“The exterior fenders and doors are finished in a light pearl white and complemented by truly one of a kind carbon fiber unique to only Design Guru of Mansory. From the hood ,Masory Titanium exhaust,Masory Vivere wheels,custom stitched interior to the highest level of attention to detail puts this Bugatti above any Veyron in the world.[sic all over, and I'm getting sick of it.]

“The lighting inside and out all have been upgraded to 2014 Veyron specs, all parts came from the Bugatti factory in Molsheim, France.[Except the rest of that run-on sentence. But those are apparently fine in online listings, even on a $2M+ car. SIC dammit!] All services are up to date with records and factory spec tires 1000 miles ago.

“This is a very special car for a very special client.” [Hey! That sentence is error-free! (Though it makes me feel like "special" is code for something unsavory that I'm too poor to know. It is the new "fidelio"?...)]

Anyway, that grammatical massacre basically means they took one of the 300 first-gen “regular” Veyrons—average sales price, $1.3M to $1.8M—and added another mil of frosting on top of that plus whatever the unholy total they (hopefully) spent on maintenance over their 10k+ miles of driving ended up being, and, well, wow. I am stunned. They may have actually gotten close to breaking even!

That might not seem like a big deal to you, but not losing a fortune when selling your “old” hypercar—ESPECIALLY a "personalized" one—is as rare as winning the lottery the instant you’re struck by lightning. So congrats, sir! [Unless that lottery/lightning-strike thing is how you were able to afford that over-tarted Bug in the first place, because then DOUBLE congrats are in order!]

[Either way—on a personal level—THANK YOU FROM THE BOTTOM OF MY HEART. You are among perhaps a dozen people on Earth who “customized” a Veyron but didn't turn the Bugatti's beautiful bodywork into the automotive equivalent of a “Clown Whore” Halloween costume.

You deserve every dollar you recovered when you passed her on to her new owner, though you REALLY need a proofreader on your ads. Like, say, me. All it would cost you is giving me a few careful minutes behind the wheel of your car, and who's to say your Bugatti couldn't have hit the $2.5M mark just by having a professional create a web ad worthy of the car you're selling...]

TOP SELLER #1: $3,500,000 — 2003 Ferrari Enzo — [Jan. 21, 2016]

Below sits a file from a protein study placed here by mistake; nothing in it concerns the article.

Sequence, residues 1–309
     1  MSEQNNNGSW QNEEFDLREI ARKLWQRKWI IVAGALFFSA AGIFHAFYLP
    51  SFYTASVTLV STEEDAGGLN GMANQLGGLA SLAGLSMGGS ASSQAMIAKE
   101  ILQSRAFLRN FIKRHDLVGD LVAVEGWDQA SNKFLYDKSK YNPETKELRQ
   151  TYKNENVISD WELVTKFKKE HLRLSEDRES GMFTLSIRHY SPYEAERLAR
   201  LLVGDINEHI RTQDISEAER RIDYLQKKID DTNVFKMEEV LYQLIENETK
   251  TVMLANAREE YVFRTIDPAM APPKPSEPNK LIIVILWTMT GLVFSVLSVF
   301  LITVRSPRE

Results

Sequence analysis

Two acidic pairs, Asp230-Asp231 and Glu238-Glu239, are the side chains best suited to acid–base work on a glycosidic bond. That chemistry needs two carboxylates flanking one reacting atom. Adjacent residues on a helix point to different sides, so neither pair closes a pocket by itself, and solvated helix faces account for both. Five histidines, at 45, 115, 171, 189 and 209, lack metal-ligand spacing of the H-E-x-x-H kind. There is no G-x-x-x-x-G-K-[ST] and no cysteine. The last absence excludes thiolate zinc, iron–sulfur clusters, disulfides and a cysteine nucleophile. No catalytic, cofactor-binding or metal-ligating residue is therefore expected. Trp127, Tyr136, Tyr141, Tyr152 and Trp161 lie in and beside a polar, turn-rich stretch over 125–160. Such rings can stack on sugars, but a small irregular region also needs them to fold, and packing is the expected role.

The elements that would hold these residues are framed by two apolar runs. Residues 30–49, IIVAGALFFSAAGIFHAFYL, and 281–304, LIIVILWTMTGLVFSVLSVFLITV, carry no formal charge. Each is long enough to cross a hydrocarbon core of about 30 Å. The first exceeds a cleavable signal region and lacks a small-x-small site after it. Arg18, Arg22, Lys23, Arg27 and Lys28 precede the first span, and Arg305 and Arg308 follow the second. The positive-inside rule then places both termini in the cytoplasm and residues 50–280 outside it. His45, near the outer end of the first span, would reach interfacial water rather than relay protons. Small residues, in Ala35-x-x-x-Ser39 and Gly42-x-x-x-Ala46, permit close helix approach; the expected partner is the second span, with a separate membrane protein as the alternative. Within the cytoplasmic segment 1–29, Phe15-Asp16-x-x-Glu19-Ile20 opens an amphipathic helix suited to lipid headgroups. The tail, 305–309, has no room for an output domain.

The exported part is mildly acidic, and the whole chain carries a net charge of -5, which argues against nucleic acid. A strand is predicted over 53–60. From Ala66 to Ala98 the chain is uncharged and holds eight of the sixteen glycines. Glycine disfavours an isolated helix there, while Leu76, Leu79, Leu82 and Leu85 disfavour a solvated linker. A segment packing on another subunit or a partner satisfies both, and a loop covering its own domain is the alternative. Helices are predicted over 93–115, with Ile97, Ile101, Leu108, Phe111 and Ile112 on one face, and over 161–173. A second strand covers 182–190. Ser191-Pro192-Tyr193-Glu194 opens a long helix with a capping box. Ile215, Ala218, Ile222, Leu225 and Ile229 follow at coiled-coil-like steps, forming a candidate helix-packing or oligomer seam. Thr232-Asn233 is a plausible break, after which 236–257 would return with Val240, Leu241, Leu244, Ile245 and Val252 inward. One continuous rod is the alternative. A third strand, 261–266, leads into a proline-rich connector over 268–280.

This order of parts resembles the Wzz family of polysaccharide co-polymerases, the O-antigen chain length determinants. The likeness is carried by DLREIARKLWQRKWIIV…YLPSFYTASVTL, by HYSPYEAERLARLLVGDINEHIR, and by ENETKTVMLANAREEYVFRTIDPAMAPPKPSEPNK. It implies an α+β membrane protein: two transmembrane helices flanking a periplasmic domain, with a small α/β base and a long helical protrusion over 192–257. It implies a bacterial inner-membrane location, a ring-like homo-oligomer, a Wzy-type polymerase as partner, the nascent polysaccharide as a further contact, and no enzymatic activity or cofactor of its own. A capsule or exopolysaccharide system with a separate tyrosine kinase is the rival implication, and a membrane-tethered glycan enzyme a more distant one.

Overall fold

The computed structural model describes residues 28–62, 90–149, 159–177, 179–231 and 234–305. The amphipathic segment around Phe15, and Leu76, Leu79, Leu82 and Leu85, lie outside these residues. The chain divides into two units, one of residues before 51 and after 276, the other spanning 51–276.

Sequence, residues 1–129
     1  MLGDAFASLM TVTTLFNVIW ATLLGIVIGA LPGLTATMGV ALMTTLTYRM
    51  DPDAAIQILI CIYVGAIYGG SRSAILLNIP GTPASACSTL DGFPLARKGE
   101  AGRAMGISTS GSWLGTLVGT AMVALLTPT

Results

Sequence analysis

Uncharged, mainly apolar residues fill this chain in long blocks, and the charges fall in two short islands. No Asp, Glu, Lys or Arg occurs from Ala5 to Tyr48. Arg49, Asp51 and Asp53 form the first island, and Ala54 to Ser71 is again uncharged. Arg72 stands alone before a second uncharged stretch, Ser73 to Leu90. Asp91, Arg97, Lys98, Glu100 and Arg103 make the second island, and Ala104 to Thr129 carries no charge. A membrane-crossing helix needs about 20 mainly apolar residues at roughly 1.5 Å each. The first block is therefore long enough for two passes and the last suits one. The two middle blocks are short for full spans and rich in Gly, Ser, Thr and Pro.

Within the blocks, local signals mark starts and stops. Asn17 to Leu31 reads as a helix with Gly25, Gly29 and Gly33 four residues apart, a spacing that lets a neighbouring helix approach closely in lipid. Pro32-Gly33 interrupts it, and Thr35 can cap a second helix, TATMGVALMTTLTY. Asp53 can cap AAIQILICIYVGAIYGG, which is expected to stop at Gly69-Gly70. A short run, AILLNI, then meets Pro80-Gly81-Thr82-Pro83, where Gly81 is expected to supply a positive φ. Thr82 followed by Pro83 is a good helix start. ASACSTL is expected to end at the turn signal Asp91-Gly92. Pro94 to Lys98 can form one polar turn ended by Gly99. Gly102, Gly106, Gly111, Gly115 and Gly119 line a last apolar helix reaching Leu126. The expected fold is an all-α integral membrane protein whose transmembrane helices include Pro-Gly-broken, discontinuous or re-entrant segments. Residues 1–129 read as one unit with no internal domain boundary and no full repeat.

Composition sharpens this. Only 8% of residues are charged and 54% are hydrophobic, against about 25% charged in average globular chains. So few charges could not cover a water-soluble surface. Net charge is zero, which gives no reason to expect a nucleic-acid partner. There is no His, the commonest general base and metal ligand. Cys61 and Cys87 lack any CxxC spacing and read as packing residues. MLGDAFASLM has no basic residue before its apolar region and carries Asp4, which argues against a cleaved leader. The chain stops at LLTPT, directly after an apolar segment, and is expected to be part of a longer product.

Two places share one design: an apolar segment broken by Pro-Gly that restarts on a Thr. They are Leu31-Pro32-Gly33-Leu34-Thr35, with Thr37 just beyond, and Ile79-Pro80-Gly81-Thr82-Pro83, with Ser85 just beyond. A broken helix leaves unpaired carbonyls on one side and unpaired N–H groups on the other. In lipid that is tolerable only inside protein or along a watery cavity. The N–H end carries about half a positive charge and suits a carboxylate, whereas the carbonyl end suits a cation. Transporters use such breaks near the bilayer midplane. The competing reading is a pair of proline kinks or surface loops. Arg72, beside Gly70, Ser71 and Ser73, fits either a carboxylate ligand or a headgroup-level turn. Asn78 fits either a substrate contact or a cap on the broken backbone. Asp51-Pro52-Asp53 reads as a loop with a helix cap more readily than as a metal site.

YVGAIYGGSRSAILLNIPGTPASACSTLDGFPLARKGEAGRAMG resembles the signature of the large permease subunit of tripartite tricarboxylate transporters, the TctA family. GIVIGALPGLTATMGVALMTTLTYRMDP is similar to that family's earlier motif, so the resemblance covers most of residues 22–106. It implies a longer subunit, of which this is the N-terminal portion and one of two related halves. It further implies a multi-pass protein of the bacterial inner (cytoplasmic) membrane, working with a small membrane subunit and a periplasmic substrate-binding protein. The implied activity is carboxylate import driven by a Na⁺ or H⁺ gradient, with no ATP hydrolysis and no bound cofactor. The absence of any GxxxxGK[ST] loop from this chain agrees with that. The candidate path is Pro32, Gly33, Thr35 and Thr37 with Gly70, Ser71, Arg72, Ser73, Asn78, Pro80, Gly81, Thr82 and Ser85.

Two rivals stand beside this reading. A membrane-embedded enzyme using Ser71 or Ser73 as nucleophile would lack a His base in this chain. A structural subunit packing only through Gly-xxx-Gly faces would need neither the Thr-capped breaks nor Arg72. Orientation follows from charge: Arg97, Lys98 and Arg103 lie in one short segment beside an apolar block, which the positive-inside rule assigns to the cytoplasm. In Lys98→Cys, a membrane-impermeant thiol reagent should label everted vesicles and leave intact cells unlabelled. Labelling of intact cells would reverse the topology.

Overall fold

It has become fashionable to “pickle” new supercars, leaving them with all their protective shipping plastic in place and doing everything possible to ensure that their odo never crosses into the double digits.

Problem is, even if you're as careful as you can possibly be, storing ANY car in a vault, never to see the light of day, causes its own set of problems.

[Not the least of which is never knowing if there's something wrong with the car—especially something the new-car warranty would repair—which even billionaires should want to take advantage of.]

Then again, I know there is a handful of people out there who make it their mission to drive their Ferraris as if they were any other kind of car—anywhere and anytime (look up “snow F40” on YouTube)—but even I have to admit that regardless of how rich you are you should be respectful of your automobiles, no matter their MSRP.

What we seem to have here is the perfect “medium”. It is said to be in “like new” condition despite the 5,233 miles have passed beneath its tires, although you'd think it would take a bigger price hit due to its high—for an Enzo—mileage. But seeing as how prices average around $1.6M (with the highest sale ever hitting over $6M), it didn't.

What we have here is—I assume—a case of condition trumping mileage, which indicates to me that the new owner will actually drive the thing rather than let her go stir-crazy in one of those garage bubble “protector” things or some other storage/torture device.

See, more “sophisticated” Ferrari owners value things like regular dealer servicing, Ferrari Classiche certification (pending?), a proper—read: responsible adult—ownership history, and like-new condition over just plain low mileage, and, according to its seller, this Enzo is just what those buyers are looking for.

In that sense, this car makes perfect, well... sense. Should everything check out, the new owner has purchased a like-new Enzo that'll look great at shows—to which the car can be DRIVEN (unheard of, I know)—plus one that will also be fully usable on-road at high speed, thanks to no fear of advancing its (for a newer Ferrari supercar) high odo reading.

So enjoy her, sir (or ma'am), but protect and care for her at the same time. $3.5M is a LOT to pay for a car, but as any Ferrari owner will tell you, that is just the price of admission. Like the horse on its badge, a Ferrari’s gonna cost you whether or not you ever ride her. She's going to need regular maintenance, and that—in either cavallo’s case—ain't cheap.

So just do what her previous owners have done: drive her whenever you can, get her regularly checked out and serviced at the dealer whenever she needs it, and—above all—just be careful with her. She wears her age well NOW, but it doesn’t take much mistreatment to transform any show pony into a haggard old nag.

[Put your quills away, horsey set. I don't care if that last bit was strictly accurate or not. Besides, don't you have some foxes to murder or any of the other things I've learned you do strictly from my forced watching of various bits of Masterpiece Theater programs on PBS when my wife has the remote?...]